Who abuses inhalants?

Adolescents and college-age teens are the most common inhalant abusers. A 2008 National Institute on Drug Abuse study found that over 15 percent of eighth-graders had used an inhalant in his or her lifetime, perhaps because many of these products can be cheaply and legally bought or are readily available at home. Teens left alone in houses filled with chemical products can become very creative in their curiosity about getting high.

Sometimes, dangerous encounters with inhalants are unintentional: Children may come upon an open cupboard and inhale a product containing harmful vapors. Parents should keep these substances locked up to avoid exposure, whether accidental or sought by the child.

What are the signs that someone is abusing inhalants?

Signals vary depending on the intensity and duration of use. The following range from the minor, when abuse is minimal or infrequent, to the extreme, when permanent damage may have occurred:

  • Sitting with a pen or marker near the nose.
  • Unusual chemical odor (in the room, on clothing, or on the body).
  • Constant smelling of sleeves or wiping of the nose on the sleeve.
  • Rags, cloths, or empty household product containers found hidden in closets, under beds, or elsewhere. Also, if you notice that whipped cream canisters or other products are disappearing or quickly emptying, someone in the household may be using them for a quick buzz.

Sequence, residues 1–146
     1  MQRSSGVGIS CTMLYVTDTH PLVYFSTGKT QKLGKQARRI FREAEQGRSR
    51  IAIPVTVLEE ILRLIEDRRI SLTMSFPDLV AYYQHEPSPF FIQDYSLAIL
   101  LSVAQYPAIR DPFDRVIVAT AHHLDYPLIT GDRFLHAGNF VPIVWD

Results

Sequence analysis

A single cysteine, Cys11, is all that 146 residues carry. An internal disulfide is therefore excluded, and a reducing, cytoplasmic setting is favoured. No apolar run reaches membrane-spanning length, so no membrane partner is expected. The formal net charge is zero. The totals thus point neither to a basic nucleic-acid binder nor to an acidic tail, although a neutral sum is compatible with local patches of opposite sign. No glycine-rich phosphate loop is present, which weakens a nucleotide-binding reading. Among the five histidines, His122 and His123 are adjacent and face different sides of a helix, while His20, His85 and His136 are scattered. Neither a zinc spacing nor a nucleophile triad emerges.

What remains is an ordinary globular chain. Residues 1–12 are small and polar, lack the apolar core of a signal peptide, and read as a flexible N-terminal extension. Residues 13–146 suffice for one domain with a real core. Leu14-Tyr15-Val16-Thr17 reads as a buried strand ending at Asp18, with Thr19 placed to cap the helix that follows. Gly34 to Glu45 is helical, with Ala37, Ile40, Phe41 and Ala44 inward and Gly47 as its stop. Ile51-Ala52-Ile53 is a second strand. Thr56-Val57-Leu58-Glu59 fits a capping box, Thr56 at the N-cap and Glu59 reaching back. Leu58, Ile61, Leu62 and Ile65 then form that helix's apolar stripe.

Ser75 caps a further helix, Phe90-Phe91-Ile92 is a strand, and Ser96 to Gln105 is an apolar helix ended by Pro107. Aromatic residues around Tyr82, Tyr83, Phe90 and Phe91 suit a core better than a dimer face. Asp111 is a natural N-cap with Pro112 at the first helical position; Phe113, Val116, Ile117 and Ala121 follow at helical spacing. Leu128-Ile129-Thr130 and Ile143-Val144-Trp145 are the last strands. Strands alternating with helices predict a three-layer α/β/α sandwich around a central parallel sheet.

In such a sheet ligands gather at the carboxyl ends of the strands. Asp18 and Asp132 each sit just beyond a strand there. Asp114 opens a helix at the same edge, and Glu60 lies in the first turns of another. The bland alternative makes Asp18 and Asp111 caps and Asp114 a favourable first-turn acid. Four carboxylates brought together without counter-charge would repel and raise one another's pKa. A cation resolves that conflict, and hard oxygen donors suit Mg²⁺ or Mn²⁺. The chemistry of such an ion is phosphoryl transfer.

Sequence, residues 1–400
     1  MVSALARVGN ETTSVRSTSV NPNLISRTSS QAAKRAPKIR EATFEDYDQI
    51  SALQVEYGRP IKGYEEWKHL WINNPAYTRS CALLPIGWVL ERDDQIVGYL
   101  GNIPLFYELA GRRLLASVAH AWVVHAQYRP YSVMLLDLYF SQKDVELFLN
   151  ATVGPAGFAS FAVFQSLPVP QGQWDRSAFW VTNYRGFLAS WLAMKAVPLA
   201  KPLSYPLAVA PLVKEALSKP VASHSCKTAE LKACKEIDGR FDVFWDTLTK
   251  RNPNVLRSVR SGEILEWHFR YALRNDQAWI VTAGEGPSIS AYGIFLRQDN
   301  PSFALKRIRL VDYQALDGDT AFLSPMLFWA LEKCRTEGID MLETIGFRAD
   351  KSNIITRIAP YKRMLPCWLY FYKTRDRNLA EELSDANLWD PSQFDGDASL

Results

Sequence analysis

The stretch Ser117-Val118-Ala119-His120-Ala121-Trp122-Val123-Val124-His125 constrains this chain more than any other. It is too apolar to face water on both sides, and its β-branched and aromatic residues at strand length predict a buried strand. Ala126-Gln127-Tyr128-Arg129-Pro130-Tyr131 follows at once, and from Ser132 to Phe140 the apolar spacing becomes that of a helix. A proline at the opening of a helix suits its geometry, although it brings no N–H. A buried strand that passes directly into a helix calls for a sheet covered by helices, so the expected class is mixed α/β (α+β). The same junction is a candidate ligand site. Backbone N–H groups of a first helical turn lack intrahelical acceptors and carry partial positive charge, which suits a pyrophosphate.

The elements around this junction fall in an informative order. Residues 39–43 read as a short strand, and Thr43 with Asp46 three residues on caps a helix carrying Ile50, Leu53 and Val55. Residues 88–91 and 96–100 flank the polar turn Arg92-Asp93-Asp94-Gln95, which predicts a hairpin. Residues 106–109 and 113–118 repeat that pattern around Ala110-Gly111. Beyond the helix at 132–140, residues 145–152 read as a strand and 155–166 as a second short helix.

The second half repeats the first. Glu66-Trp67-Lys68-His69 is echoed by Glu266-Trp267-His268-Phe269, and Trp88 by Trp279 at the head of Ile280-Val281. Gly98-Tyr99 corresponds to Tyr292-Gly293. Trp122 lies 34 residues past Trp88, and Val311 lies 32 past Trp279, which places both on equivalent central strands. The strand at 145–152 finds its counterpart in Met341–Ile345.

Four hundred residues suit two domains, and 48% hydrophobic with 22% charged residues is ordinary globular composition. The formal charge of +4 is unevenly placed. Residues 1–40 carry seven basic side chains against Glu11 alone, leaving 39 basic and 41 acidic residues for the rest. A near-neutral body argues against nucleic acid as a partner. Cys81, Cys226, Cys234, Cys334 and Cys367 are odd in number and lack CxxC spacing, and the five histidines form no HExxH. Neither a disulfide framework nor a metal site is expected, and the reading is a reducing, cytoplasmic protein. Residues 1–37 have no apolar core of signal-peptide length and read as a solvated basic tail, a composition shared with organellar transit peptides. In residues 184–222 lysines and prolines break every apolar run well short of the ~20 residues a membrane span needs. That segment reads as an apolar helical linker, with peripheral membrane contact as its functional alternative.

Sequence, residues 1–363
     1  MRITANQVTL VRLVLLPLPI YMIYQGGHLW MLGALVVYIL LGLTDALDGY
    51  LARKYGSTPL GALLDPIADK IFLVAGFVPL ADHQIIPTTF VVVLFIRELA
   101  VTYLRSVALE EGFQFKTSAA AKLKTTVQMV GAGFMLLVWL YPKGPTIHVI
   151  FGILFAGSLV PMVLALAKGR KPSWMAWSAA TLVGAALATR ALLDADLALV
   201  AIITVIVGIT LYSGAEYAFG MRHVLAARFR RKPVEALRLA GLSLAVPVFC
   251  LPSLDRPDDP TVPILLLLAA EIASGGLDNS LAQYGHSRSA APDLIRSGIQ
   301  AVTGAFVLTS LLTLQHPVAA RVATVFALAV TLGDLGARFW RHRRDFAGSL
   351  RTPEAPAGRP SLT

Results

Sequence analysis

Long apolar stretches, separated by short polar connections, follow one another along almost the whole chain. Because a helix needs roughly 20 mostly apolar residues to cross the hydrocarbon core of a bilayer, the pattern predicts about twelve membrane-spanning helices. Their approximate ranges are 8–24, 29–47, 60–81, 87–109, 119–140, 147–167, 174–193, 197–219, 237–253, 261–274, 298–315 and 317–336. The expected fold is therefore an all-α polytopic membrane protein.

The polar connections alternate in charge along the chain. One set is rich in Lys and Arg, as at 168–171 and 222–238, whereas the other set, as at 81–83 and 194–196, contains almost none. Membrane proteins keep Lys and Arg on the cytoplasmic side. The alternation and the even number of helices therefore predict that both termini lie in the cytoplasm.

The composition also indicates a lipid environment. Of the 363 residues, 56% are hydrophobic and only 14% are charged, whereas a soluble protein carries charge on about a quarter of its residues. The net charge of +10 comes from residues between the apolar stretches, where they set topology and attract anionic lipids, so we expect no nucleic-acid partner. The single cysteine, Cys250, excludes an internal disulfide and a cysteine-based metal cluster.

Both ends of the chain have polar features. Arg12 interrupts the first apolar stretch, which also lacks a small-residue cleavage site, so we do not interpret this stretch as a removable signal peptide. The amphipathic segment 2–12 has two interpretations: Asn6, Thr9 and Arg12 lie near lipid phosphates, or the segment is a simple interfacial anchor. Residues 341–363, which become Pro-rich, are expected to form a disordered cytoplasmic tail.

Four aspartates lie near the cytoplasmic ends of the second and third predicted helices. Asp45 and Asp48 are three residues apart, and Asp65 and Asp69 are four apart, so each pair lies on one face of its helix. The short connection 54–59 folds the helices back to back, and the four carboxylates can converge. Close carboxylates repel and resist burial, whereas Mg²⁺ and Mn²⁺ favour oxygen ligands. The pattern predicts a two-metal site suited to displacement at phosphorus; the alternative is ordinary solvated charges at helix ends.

• Uncharacteristic nosebleeds.
  • Marks around the nose or mouth. Sores and rashes around the mouth may suggest inhalant abuse; paint marks or other strange smudges on the hands or face are also telltale signs.
  • Red or runny eyes or nose.
  • Nausea and/or loss of appetite.
  • Slurred or disorganized speech.
  • General disorientation (a drunken or dizzy appearance).
  • Lack of coordination and staggering.

Chronic inhalant abusers may show such symptoms as anxiety, excitability, irritability, or restlessness. Withdrawal symptoms include irritability and a speedy heart rate. In more severe cases, there may be headaches, hallucinations, abdominal pains, or shaking.

Are inhalants addictive?

In the case of some inhalants, especially solvents, a user may develop a tolerance and need to inhale higher concentrations for longer periods of time in order to continue getting high. Physical dependence is unlikely, but psychological dependence is common.

What should I do if someone is “huffing” and in distress?

Call 911 immediately and stay calm. If the user becomes agitated, his or her heart may overwork, which can lead to Sniffing Sudden Death Syndrome from cardiac arrest, according to the National Clearinghouse for Alcohol and Drug Information.

While waiting for the ambulance, open windows and keep the room well-ventilated. If the person stops breathing, begin CPR. After the person recovers, urge him or her to seek counseling and professional help.

Where can I find help for inhalant abuse?

Users generally require 30 to 40 days of detoxification, during which they may suffer from withdrawal symptoms. For help finding a treatment center near you, call the federally endorsed National Inhalant Prevention Coalition at 1-800-269-4237. You can also contact your local drug rehabilitation center.


Inhalants. National Institute on Drug Abuse. National Institutes of Health. 2009.

Consumer Product Safety Commission. A Parent’s Guide to Preventing Inhalant Abuse. Document #389

AAP Releases New Findings On Inhalant Abuse. September 30, 1999.

Johnston L, et al. Monitoring the Future. National Results on Adolescent Drug Use. Overview of Key Findings, 2007. National Institute on Drug Abuse. April 2008.